Tag: work (page 1 of 30)

Using DICE instead of RA(S)CI

I like what the RACI responsibility assignment matrix tries to do in clarifying roles and responsibilities. In practice, I tend to favour RASCI which adds a ‘support’ role.

But I also agree with this article by Clay Parker Jones which suggests an alternative.

RACI is vague, hard to use, and reinforces the “what the hell is happening here” status quo. DICE is specific, easy to use, and shines a bright light on dysfunction.

Source: Use DICE instead of RACI | cpj.fyi

The triple-peak work day is a worrying trend

When I first stepped into the world of consulting, I spent around 18 months working with a large organisation. The person I reported to in the organisation did all of his real work in the evenings, because his 9-5 day was completely full of meetings.

Talking in meetings isn’t work. I’ve never thought so, and never will.

Last week, Microsoft published a study that offers an eerie reflection of my working life. Traditionally, the researchers said, white-collar workers—or “knowledge workers,” in the modern parlance—have had two productivity peaks in their workday: just before lunch and just after lunch. But since the pandemic, a third and smaller bump of work has emerged in the late evening. Microsoft’s researchers refer to this phenomenon as the “triple peak day.”


Several underlying phenomena are pushing up this third mountain of work. One is the flexibility of at-home work. For example, parents of young kids might interrupt their workday or cut it off early for school pickup, dinnertime, bedtime, and other child care. This leaves a rump of work that they finish up later. Other workers are night owls who get their second wind—or even their primary gust of creativity—just before bed.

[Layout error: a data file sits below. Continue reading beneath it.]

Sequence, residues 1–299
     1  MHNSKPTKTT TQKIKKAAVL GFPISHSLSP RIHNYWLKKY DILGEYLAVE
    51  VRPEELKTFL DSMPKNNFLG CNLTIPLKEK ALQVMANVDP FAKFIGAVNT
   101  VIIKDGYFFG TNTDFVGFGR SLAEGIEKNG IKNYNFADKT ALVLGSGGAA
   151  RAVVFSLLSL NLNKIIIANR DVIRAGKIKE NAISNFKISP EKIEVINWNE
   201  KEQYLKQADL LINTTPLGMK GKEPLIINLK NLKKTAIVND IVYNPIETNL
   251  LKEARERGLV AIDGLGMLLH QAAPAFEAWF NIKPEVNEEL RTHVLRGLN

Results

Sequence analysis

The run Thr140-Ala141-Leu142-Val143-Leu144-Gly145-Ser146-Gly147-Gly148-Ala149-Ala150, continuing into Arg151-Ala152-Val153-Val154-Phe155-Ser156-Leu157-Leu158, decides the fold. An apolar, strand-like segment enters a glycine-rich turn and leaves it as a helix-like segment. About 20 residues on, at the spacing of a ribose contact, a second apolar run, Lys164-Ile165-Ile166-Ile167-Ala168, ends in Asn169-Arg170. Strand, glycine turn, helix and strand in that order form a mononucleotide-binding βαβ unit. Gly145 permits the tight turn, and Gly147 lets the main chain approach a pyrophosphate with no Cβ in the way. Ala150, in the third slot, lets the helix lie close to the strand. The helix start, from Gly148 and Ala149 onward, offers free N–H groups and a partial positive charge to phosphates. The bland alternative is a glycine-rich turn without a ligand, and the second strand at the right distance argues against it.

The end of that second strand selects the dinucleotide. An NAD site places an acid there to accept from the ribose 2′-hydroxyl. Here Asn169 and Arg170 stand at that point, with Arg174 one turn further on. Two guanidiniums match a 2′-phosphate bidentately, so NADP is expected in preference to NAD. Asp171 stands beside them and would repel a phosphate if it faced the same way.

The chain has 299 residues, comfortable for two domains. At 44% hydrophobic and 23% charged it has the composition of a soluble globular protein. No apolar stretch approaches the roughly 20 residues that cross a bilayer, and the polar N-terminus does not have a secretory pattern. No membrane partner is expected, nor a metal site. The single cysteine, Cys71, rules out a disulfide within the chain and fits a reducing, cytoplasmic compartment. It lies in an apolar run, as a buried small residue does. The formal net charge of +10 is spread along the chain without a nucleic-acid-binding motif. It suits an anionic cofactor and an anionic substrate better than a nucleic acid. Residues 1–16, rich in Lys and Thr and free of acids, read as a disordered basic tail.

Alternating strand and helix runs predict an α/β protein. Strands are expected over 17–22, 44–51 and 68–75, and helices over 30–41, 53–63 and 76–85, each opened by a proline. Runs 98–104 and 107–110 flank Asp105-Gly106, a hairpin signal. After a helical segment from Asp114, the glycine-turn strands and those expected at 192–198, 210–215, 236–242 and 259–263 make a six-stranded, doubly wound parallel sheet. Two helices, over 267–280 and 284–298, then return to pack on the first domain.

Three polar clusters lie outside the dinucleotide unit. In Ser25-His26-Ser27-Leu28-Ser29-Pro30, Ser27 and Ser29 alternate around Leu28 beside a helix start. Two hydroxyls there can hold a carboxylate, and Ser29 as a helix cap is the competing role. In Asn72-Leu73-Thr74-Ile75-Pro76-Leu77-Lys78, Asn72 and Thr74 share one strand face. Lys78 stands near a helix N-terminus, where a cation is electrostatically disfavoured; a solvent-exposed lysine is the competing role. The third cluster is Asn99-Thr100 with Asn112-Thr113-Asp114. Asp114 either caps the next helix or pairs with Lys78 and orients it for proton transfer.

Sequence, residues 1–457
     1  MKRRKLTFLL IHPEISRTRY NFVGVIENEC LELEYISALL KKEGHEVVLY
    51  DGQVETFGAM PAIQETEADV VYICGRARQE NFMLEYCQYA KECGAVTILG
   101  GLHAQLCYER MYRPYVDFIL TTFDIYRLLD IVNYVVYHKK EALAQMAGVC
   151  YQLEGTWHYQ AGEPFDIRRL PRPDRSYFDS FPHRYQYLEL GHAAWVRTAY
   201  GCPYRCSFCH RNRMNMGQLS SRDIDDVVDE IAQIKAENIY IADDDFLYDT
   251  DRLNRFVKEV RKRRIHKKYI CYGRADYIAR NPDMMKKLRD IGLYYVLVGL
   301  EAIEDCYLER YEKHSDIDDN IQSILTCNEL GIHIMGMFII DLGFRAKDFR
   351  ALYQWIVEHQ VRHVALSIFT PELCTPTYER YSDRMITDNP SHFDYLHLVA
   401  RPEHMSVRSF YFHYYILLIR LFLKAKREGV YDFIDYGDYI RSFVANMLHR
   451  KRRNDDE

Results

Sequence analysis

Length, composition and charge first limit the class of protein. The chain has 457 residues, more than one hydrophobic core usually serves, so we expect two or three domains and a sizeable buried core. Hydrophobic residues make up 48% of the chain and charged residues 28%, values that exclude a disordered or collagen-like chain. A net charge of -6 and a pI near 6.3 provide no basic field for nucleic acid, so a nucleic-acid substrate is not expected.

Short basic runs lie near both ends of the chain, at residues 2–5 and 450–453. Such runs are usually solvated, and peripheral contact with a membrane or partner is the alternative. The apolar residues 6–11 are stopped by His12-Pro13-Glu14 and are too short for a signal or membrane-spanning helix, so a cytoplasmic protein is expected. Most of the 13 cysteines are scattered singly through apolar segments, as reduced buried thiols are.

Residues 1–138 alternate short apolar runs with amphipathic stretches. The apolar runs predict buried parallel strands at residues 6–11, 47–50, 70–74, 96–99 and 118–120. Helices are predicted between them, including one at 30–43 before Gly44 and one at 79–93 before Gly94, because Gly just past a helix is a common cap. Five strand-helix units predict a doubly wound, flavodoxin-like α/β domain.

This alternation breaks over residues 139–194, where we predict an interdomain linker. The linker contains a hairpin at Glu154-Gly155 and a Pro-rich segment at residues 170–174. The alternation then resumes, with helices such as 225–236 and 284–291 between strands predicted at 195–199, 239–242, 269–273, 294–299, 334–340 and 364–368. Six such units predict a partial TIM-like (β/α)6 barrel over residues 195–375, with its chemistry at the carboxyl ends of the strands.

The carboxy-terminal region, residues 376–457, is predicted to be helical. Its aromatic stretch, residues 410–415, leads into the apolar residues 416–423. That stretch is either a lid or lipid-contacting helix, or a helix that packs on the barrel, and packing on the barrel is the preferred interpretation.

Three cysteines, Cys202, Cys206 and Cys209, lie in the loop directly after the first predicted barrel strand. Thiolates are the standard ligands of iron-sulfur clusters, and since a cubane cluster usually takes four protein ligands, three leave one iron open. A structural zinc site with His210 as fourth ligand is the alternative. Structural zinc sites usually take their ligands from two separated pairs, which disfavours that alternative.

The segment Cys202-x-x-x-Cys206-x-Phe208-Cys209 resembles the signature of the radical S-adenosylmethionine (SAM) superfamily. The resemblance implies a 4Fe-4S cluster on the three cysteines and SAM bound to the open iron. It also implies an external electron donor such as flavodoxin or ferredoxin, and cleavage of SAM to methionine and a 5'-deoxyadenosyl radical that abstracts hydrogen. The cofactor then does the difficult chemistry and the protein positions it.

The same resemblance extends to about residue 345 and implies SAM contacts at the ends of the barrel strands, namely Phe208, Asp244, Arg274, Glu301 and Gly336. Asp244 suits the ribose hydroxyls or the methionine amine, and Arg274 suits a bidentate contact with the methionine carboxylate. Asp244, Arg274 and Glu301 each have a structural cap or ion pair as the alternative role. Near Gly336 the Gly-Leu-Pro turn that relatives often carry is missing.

Something else is pushing work into our evenings: White-collar work has become a bonanza of meetings. In the first months of the pandemic, Microsoft saw online meetings soar as offices shut down. By the end of 2020, the number of meetings had doubled. In 2021, it just kept growing. This year it’s hit an all-time high.

Source: The Rise of the 9 p.m. Work Hour | The Atlantic

Warren Ellis’ work day routine

I think the realisation that it’s impossible to ‘keep up’ (whatever that means) with even a subset of an industry these days may be the key to enlightenment.

One of the great things for me about Thought Shrapnel is that I can bookmark things I’d potentially go back and read. Then, if I do get the chance, I can share them here. It sounds like Ellis is doing something similar with his site.

I was telling someone the other day: I have become the old man who reads the papers in the morning and then watches the news analysis show on tv at night. The phone is now “the papers.”


I think I have only about eighty sites in my RSS reader these days, which generally generate some 150 new posts to read through. I should post an updated RSS list so I can see for myself.

My inputs used to be twenty times that, and constant from when I woke up to when I finally slept. That thing when you wake up with a shudder and reach for the phone because you’re behind the moment. But I suspect it took a pandemic and serial lockdowns for me to understand that, even when I was feeling good, it was like a motion detector alarm was going off in my head every second for eighteen hours a day. And you get so trained to it that when the alarms drop to just once every sixty seconds, you go looking for more input to bring the rate back up. I’ve been working hard to get past that

Source: Morning Routine and Work Day, Spring 2022 | WARREN ELLIS LTD

Image: Jon Tyson